These Will Be The Fastest-growing Economies In 2021The year 2020 will be remembered for a long time, not just by individual people but economies as well. Many economies, including major ones, were hit hard by the pandemic, with some plunging into recession. On the other hand, this year is expected to be the exact opposite and a year of growth. Let’s take a look at the fastest-growing major economies in the world in 2021.
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Fastest-Growing Economies In 2021
We have used data on GDP estimates from GlobalData, a leading data and analytics company, to come up with our list of the fastest-growing major economies in the world in 2021.
Italy’s economy shrank by 2% in the fourth quarter of last year, slightly less than expected. The economy rebounded by 16% in the third quarter after the coronavirus restrictions were relaxed. However, the economy shrank again in the next quarter after an increase in the number of cases, which forced the government to put restrictions on businesses. For the full year, the economy shrank by 8.8%, the highest since World War II.
Indonesia witnessed its first full-year contraction in more than two decades in 2020. The GDP drop was slightly more than expected in the fourth quarter. The economy shrank by 2.19% in the fourth quarter, compared to an estimated 2% by economists in a Reuters poll. The Indonesian economy grew by 5% in 2019. The government is targeting GDP growth of about 5% this year.
According to a forecast by the Bank of England, economic activity in the country will return to its pre-coronavirus level by the end of this year. Previously, the central bank expected a rebound in economic activity by early 2022. The rapid vaccination drive will also play a crucial role in pushing up growth. About 24 million Britons have already been injected with the first dose of the vaccine.
The Spanish government aims to reduce its deficit and debt-to-GDP ratio in 2021. After an estimated contraction of over 11% in 2020, the government expects growth of more than 7% in 2021. Spain’s debt-to-GDP ratio was 114.1% in the third quarter, compared to 97.5% for the same period a year earlier. In 2020, the government estimated the budget deficit to have reached 11.3% of the GDP and now expects to bring it down to 7.7% this year.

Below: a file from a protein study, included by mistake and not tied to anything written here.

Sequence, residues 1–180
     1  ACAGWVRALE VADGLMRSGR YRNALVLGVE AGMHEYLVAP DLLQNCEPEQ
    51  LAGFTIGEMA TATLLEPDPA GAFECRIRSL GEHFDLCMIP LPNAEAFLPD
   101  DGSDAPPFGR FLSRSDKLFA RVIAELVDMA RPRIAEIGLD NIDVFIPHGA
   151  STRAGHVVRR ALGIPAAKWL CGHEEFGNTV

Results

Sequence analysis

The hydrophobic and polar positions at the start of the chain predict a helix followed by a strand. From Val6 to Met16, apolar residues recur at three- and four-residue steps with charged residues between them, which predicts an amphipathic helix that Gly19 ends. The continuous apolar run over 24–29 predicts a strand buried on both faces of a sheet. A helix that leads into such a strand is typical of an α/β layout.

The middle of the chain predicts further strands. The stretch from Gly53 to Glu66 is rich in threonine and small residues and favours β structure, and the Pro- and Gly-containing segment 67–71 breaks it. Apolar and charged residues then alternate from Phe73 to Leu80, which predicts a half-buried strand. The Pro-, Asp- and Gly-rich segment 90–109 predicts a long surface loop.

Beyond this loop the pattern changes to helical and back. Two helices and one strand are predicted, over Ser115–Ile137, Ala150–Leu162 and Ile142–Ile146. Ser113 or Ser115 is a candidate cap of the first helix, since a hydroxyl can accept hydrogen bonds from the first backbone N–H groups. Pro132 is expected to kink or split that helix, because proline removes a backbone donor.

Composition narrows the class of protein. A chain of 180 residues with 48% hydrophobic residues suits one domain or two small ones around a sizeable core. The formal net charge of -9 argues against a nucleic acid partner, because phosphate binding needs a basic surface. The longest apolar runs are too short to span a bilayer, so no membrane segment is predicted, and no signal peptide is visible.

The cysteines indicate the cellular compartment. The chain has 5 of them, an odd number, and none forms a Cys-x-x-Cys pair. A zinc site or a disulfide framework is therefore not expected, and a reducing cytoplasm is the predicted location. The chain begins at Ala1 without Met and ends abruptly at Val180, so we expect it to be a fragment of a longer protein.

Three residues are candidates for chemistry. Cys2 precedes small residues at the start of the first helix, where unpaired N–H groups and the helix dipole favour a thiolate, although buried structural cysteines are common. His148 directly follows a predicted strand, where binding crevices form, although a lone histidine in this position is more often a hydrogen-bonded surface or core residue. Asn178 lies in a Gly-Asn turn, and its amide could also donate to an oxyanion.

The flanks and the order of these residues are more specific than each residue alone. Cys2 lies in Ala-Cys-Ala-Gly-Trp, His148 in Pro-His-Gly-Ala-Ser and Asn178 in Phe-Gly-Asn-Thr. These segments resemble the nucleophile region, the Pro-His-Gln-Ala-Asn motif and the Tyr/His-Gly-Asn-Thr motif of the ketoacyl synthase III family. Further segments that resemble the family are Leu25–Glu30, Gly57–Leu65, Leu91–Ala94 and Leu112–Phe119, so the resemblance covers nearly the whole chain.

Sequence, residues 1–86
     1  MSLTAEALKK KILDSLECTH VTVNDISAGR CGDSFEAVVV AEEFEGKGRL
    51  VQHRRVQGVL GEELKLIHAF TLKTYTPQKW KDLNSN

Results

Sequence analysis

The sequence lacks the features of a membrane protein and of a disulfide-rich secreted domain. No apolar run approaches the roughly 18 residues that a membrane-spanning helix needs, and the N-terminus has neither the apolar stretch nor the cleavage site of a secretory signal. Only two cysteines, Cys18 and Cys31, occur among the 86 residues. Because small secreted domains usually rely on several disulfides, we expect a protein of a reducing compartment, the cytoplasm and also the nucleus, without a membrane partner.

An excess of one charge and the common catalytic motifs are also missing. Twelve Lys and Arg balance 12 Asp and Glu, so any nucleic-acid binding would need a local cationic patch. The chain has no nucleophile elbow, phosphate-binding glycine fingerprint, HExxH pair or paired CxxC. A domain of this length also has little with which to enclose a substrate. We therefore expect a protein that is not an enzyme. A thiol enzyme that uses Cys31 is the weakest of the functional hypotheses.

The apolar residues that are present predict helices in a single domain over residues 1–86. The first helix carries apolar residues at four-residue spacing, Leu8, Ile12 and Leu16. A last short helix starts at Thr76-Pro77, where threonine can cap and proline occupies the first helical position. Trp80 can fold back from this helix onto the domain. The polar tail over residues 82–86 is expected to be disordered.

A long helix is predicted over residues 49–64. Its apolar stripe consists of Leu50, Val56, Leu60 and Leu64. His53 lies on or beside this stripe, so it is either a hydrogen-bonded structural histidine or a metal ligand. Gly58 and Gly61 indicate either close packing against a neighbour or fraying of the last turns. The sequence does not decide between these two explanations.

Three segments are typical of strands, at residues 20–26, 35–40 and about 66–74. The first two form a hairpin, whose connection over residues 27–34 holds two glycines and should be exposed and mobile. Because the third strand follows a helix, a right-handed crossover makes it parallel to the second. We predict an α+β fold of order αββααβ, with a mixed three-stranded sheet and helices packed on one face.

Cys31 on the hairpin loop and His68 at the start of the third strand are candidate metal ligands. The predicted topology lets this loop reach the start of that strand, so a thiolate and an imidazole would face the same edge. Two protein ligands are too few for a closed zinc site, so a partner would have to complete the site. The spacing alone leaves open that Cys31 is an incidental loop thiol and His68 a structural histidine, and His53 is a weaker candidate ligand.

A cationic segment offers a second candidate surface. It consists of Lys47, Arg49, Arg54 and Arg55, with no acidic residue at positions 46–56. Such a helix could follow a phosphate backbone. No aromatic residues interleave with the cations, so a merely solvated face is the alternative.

Singapore witnessed a lower-than-expected drop in GDP in 2020. Economic activity in the country picked up in the fourth quarter after COVID-related restrictions were eased. In 2020, Singapore’s economy contracted by 5.8%, compared to the official forecast of between 6% and 6.5%. In the fourth quarter, the GDP dropped by 3.8% year over year, compared to an earlier estimate of 5.6%.
France is the Eurozone’s second-biggest economy. The French economy is expected to contract again in the first quarter of 2021, following a contraction of 1.3% in the last quarter of 2020. In 2019, the French economy grew by 1.5%, making it the best-performing country in the Eurozone. However, the drop last year was its worst recession since World War II.
Robust recovery in manufacturing and construction is expected to fuel the Malaysian economy this year. The level of recovery in other sectors will depend on the improvement in both domestic and external demand. Last year the Malaysian economy contracted by an estimated 6% as both private investment and consumption dropped sharply. Inflation in the country is estimated to recover to 2%.
The Philippines (8.4%)
The Philippines’ economy contracted more than expected in the fourth quarter of last year. Private consumption in the country remained weak, even as more businesses reopened following the lockdown. In the final quarter of last year, the country’s GDP dropped 8.3% year over year. For all of 2020, the Philippines’ GDP plunged by 9.5%, the biggest drop in government data going back to 1946.
China was able to dodge a recession last year. The country reported growth of 2.3% in 2020, and it was the only major economy to post growth last year. For 2021, China is targeting growth of over 6%. Further, the country is aiming for an urban unemployment rate of about 5.5% and plans to create over 11 million new urban jobs. China is also targeting a 3% increase in the consumer price index, a measure of inflation.
India went into a technical recession following the coronavirus pandemic but is expected to rebound stronger. The country is witnessing massive inflows of foreign direct investments. Other factors contributing to the bullish view on the country are the massive economic stimulus package announced by the government, growing vaccination efforts and an uptick in consumer demand. The Indian economy dropped by about 24% year over year in the second quarter of 2020 and is expected to grow 0.53% year over year in the first quarter of this year.